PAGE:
Some analysts predict Poland's GDP growth will slow to 2% in 2020 from 4% last year. Others predict a worse scenario if things take a wrong turn, despite the measures taken by the government in Warsaw.
Known knowns, known unknowns and unknown unknowns. It is in the latter third of this Rumsfeldian conundrum that we find ourselves as the unknown depth of the economic impact of the coronavirus pushes economists' predictions to the limit of their usefulness.
But try we may and try perhaps we must. Since the first coronavirus case was confirmed in Poland in early March, Polish Prime Minister Mateusz Morawiecki, has moved fast to limit the spread of the epidemic and talks in uncompromising terms of the economic impact. "Whatever it takes," he says.
Poland has over 1,000 confirmed coronavirus cases and has had 14 deaths, the Health Ministry reported shortly after the government extended border closures until April 13. Morawiecki and Health Minister Lukasz Szumowski recently announced tighter restrictions to limit the spread of the virus and anyone caught breaking them may be fined 5,000 zlotys (€1,150, $1,350).
But it is on the economic front that this battle will also be fought in the coming weeks and months.
The government plans to spend 212 billion zlotys to help the economy, President Andrzej Duda and Morawiecki said in a joint statement on March 18. Minister of Development Jadwiga Emilewicz then prepared a package of support options for companies from those sectors expected to suffer the greatest losses. The package is equivalent to 9.2% of Poland's GDP.
The government pledged to cover up to 40% of employees' wages in companies affected by the crisis, with employers covering 40% as well, a cost of a 20% wage cut for workers. Companies that suffer a 25% reduction in turnover in 30 days because of the outbreak qualify for the support. The government also promised payouts of 80% of minimum wages to the self-employed, although without offering details.
Businesses will also be entitled to suspension of social security payments, preferential loans, credit guarantees by the state-run BGK bank, and the government taking over lease payments of transport companies — one of the most heavily hit by the crisis.
Duda and Morawiecki said there was no danger for the payment of social benefits, and up to 30 billion zlotys were pledged for public investments. They also promised an extra 7.5 billion zlotys for health care.
Marcin Czyczerski, president of CCC, called the project illusory. "Assuming funding for one employee to the tune of about 2,000 zlotys a month, in a large enterprise the limit will be enough for funding for about 400 employees and only for one month — assuming, of course, that the employer has a limit. The remaining hundreds of jobs will remain underfunded," he added.
"At the moment it's really too early to decide who really needs help," argues Aleksander Laszek, chief economist at the Warsaw-based Forum for Citizens' Development. "The biggest problem is liquidity, so in my opinion the government should postpone collection of social security contributions, thus cutting employment costs by 40% and discouraging companies from firing people."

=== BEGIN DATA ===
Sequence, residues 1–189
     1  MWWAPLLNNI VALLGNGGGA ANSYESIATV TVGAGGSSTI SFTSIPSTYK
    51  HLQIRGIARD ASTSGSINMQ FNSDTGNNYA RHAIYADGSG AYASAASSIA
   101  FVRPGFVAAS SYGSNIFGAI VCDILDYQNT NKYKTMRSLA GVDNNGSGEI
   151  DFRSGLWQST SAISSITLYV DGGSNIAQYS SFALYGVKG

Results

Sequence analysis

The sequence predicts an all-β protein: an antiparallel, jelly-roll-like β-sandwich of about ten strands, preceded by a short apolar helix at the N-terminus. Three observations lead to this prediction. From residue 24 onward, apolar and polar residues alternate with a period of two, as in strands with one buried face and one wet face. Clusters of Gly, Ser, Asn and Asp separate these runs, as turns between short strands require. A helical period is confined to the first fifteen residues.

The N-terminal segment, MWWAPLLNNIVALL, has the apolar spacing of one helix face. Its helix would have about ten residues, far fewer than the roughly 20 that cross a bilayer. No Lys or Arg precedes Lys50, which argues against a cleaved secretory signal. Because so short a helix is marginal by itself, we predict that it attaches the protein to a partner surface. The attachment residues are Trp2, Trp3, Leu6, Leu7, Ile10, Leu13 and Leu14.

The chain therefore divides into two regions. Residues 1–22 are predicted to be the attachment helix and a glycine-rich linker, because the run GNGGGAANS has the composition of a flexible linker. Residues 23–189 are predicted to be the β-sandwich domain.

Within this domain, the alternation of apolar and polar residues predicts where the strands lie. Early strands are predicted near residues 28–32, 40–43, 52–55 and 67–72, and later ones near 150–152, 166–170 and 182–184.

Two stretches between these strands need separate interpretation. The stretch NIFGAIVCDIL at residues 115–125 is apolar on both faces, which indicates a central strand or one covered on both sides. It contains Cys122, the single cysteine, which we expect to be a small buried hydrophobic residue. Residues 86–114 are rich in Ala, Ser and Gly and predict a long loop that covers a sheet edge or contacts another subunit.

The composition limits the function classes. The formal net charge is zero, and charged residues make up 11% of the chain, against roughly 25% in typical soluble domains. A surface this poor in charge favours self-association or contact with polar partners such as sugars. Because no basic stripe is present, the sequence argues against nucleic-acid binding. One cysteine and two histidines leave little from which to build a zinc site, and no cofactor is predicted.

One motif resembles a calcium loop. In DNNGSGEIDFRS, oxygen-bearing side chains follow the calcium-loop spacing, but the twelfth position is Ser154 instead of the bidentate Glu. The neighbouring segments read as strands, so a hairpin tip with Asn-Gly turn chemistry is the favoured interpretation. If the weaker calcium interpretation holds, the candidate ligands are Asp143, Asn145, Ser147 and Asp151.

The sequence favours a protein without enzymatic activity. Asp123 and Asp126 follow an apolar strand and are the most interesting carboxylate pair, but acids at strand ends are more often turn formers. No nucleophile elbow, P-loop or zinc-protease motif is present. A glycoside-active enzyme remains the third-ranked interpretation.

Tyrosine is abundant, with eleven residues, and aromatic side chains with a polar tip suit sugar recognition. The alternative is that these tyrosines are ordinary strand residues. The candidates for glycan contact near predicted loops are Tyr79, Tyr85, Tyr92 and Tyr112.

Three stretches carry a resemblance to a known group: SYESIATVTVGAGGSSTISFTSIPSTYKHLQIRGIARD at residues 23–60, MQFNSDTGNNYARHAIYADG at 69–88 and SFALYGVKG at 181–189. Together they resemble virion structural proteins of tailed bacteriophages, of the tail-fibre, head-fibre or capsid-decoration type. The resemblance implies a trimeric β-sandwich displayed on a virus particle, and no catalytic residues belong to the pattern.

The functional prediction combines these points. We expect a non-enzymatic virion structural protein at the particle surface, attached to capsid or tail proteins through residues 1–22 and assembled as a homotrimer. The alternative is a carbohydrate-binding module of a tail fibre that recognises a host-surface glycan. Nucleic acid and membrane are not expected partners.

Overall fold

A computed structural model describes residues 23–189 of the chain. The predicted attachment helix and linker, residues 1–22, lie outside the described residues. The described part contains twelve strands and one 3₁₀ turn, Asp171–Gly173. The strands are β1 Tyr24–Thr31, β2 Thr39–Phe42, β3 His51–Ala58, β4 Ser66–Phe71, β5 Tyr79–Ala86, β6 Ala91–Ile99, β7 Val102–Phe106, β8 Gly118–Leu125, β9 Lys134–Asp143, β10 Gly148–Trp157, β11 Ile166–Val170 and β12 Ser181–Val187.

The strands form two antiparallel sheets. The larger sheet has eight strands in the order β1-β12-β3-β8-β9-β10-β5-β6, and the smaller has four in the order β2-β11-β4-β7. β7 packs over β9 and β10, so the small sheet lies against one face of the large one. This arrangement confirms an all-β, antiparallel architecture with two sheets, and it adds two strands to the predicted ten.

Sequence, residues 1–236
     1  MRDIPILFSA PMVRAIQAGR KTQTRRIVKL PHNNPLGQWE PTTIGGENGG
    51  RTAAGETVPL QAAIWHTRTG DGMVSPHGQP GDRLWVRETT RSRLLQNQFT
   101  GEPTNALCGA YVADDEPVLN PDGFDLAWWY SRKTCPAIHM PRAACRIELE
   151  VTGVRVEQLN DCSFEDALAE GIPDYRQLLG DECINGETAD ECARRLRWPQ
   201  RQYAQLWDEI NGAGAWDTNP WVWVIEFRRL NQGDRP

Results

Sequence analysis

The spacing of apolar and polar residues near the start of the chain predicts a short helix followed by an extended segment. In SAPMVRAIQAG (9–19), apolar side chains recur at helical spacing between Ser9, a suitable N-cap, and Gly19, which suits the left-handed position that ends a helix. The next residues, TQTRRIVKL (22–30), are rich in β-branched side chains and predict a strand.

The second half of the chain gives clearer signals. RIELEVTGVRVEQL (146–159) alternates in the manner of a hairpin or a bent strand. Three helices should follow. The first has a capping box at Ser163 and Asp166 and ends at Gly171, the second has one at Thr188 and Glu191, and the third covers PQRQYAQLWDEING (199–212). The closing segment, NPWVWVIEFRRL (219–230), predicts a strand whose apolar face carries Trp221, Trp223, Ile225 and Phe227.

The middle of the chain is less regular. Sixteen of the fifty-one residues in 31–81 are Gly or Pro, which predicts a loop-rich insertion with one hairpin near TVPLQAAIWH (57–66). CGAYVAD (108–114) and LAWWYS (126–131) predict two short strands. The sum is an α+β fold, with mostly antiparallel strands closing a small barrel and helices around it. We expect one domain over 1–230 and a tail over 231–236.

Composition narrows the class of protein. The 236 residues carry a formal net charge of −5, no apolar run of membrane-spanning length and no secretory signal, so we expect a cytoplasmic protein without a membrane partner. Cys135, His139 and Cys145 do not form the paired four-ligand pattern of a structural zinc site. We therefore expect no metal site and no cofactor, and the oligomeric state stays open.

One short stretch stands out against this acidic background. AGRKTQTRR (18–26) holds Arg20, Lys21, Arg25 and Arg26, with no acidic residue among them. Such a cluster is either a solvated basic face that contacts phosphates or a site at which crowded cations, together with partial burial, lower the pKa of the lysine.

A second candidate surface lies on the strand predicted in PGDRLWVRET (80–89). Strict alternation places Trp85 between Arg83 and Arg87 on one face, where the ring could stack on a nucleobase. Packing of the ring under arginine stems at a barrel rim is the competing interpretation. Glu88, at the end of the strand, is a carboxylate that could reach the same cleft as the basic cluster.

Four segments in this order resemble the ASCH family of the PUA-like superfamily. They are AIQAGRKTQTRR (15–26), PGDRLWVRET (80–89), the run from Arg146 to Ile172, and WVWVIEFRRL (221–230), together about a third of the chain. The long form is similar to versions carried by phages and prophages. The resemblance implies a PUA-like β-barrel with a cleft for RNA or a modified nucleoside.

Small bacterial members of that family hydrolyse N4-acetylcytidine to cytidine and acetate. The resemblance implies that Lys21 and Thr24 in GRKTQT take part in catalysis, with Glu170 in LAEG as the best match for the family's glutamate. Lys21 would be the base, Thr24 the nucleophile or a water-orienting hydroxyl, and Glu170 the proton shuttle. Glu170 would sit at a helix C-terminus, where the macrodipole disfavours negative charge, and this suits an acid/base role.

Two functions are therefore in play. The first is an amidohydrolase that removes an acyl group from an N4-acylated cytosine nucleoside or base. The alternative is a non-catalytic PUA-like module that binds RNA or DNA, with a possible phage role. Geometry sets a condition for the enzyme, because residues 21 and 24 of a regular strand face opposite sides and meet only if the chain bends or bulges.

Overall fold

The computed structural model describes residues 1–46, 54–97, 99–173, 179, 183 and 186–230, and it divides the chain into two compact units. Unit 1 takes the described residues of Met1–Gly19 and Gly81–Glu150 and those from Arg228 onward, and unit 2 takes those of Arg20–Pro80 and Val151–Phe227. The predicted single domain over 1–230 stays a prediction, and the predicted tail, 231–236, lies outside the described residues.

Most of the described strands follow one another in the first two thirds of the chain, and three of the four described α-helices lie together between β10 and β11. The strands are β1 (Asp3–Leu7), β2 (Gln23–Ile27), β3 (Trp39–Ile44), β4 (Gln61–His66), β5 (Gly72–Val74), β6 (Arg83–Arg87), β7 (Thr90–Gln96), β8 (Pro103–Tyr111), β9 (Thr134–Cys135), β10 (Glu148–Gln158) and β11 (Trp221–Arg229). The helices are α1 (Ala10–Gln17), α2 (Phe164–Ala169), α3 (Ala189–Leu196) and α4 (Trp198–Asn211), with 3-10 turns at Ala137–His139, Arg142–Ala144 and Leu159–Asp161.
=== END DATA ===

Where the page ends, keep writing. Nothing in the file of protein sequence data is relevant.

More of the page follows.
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"It is difficult not to get the impression that the government assumes the economic crisis will end after the Easter holidays," said Marek Goliszewski, president of the Business Center Club. "However, for an entrepreneur who is already short of funds to pay contractors, who must reduce salaries, terminate employment contracts, etc. it is difficult to share this optimism," he added.
Goliszewski said this was just the beginning of the recession, which "will not end in Poland in a year."
The employers' association Lewiathan reported that 69% of Polish firms plan to reduce employment. Meanwhile, the sudden, noticeable price increase of many articles means the effects of the coronavirus pandemic are beginning to be felt in household wallets.
The Office of Competition and Consumer Protection (UOKiK) has proposed to introduce price caps. This solution already exists for certain categories of medicinal products, medical devices and foodstuffs for particular nutritional uses.
Business opposes the proposal. "We think it is too far-reaching," said Przemyslaw Ruchlicki, legal and economic expert of the Polish Chamber of Commerce. "In the current situation, there is no justification for such broad competences to interfere in the market."
Inflation has been breaking records monthly since December — by the end of the year it had reached 3.4%, at the beginning already 4.3%, and last month 4.7%.
With around 1,000 people suspected of carrying the virus, many hospitals are already reporting shortages of basics like masks and respirators.
"Health policy reaction is important, but very difficult as we simply do not know much at this stage," Paczynski argues.
"Broadly speaking, one would want to isolate and if needed provide health assistance to those who are ill and can spread the virus further. At the same time one would want all those who are healthy (especially if the are unlikely to get ill) to come back to normal economic activity so as to avoid an economic disaster."
"At the system level we're not well prepared, unfortunately. This should not come as a surprise Poland has in the past made decisions to focus public spending on other areas and underinvest in health care, Paczynski notes.
Health care reforms have been delayed. This makes the Polish system less well prepared than in many other countries."